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ESPN lists Barack Obama and Bill Clinton as ‘former Chicago resident’ and ‘former Arkansas Governor’

ESPN docu-series on Michael Jordan-era Bulls curiously labels ex-President Barack Obama as ‘former Chicago resident’ and predecessor Bill Clinton as ‘former Arkansas Governor’

  • Former Presidents Barack Obama and Bill Clinton were interviewed as part of ESPN’s new docu-series on the 1997-1998 Chicago Bulls
  • Curiously, Obama was listed as a ‘former Chicago resident’ while Clinton was called the ‘former Arkansas Governor’ on the chyron during The Last Dance
  • Director Jason Hehir did this, not to downplay either man’s presidencies, but to highlight their connection to Bulls legends Michael Jordan and Scottie Pippen
  • Pippen became known to Clinton when he was still playing at Central Arkansas, and Obama was living in Chicago when Jordan was drafted by the Bulls in 1984  

The first episodes of ESPN’s heavily anticipated docu-series about Michael Jordan and the 1997-98 Chicago Bulls featured contributions from two surprising sources: ‘Former Chicago resident’ Barack Obama and ‘former Arkansas Governor’ Bill Clinton.

Social media immediately began churning out theories on why the two former Presidents would be listed by any other title, with many presuming it to be commentary on the pair’s respective performances in the White House.

However, as director Jason Hehir previously told The Athletic’s Richard Deitsch, the decision was not intended as a joke or an insult.

Rather, Hehir was trying to emphasize Obama’s connection to Jordan and Clinton’s familiarity with Bulls star and Arkansas native Scottie Pippen, who played at Central Arkansas while Clinton served as Governor.

Barack Obama was working as a community organizer when Jordan was drafted in 1984

Clinton first met Scottie Pippen when he was a soft-spoken college player at Central Arkansas

Clinton first met Scottie Pippen when he was a soft-spoken college player at Central Arkansas

Hehir was emphasizing Obama's connection to Jordan by listing him as a 'Chicago resident'

Clinton described Pippen as a shy kid when he was at Central Arkansas in the 1980s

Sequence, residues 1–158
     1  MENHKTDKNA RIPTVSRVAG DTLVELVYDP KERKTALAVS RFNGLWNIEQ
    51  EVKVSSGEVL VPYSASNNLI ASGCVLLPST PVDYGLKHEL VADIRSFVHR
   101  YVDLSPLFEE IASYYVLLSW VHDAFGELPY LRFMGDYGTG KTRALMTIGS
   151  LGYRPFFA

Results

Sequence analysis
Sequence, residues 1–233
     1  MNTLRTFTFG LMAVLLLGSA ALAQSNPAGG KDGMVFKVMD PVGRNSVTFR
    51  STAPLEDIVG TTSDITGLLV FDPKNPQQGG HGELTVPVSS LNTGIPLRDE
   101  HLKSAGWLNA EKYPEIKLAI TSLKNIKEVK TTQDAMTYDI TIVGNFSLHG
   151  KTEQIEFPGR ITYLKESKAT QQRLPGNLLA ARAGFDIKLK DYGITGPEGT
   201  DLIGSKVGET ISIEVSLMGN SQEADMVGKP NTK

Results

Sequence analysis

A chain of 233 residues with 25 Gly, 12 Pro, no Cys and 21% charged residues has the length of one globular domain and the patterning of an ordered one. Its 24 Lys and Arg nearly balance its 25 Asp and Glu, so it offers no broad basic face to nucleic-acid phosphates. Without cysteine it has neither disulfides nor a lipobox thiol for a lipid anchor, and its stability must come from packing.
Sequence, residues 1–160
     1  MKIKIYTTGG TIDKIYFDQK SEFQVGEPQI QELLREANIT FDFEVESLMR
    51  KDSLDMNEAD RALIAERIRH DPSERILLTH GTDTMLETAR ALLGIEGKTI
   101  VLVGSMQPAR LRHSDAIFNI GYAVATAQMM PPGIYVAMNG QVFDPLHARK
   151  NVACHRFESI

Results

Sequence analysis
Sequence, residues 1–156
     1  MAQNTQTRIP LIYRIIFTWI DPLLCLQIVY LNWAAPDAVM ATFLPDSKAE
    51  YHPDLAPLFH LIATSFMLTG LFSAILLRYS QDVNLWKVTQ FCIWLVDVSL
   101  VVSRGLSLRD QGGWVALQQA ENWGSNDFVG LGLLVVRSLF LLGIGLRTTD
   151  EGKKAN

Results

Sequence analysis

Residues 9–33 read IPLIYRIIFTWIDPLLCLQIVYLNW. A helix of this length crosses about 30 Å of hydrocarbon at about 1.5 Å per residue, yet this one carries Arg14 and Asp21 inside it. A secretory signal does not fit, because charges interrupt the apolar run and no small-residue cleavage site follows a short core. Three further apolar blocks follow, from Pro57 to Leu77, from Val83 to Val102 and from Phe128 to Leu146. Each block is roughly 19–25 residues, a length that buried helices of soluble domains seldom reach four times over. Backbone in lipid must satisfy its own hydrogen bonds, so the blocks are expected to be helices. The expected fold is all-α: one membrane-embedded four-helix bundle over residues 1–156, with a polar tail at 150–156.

Obama said he couldn’t afford Bulls tickets after Jordan was drafted in 1984 (left). Meanwhile Clinton described Pippen as a shy kid when he was at Central Arkansas in the 1980s (right)  

‘Why should he be considered an authority on basketball just because he’s Bill Clinton?’ Hehir said, explaining that the one-time Arkansas Governor had a stronger connection with Pippen. ‘Now if Bill Clinton says “I was Governor of Arkansas when Scottie Pippen was in high school and I saw Scottie play,” that’s organic to the story and much more interesting.’

And Clinton did share a vivid memory of a young Pippen in the docu-series, titled The Last Dance.

‘The first time I met [Pippen], he could hardly string three words together he was so shy,’ Clinton said.

The series focuses on Jordan’s final title run with the Bulls, but also explains how that team came together in the 1980s.

While illustrating the immediate impact Jordan had on the Bulls, who had struggled before his arrival in 1984, Hehir interviewed Obama.

‘When Michael first came to town, I didn’t have the money to buy tickets for Bulls games, even the discount ones back in the day,’ said Obama, who was a community organizer in Chicago at the time. ‘I was pretty broke, but suddenly you have a sports figure that puts Chicago on the map and that everybody was able to rally around.’

Social media immediately began churning out theories on why the two former Presidents would be listed by any other title, with many presuming it to be commentary on the pair's respective performances in the White House. However, as director Jason Hehir (pictured) previously told The Athletic, the decision was not intended as a joke or an insult

Social media immediately began churning out theories on why the two former Presidents would be listed by any other title, with many presuming it to be commentary on the pair’s respective performances in the White House. However, as director Jason Hehir (pictured) previously told The Athletic, the decision was not intended as a joke or an insult

As Hehir told The Athletic, he was looking for people with strong ties to players, which is why he emphasized Obama’s Chicago roots.

‘Barack Obama is not he kind of guy that I can find his number and text him,’ Hehir told The Athletic. ‘Michael had a connection. But I was pretty adamant that we don’t have people in here who don’t have an organic connection to the story. I think the temptation is because Michael was super famous, let’s get as many super famous people in here as possible.

‘There were conflicting philosophies among all the [production] partners of what makes a good documentary and what makes a documentary sizzle,’ he continued. ‘I’m a filmmaker first and I just want to tell the story of this team as if they were not super famous. Who were the human beings who make up this team and how did they become famous and how did they handle fame?’



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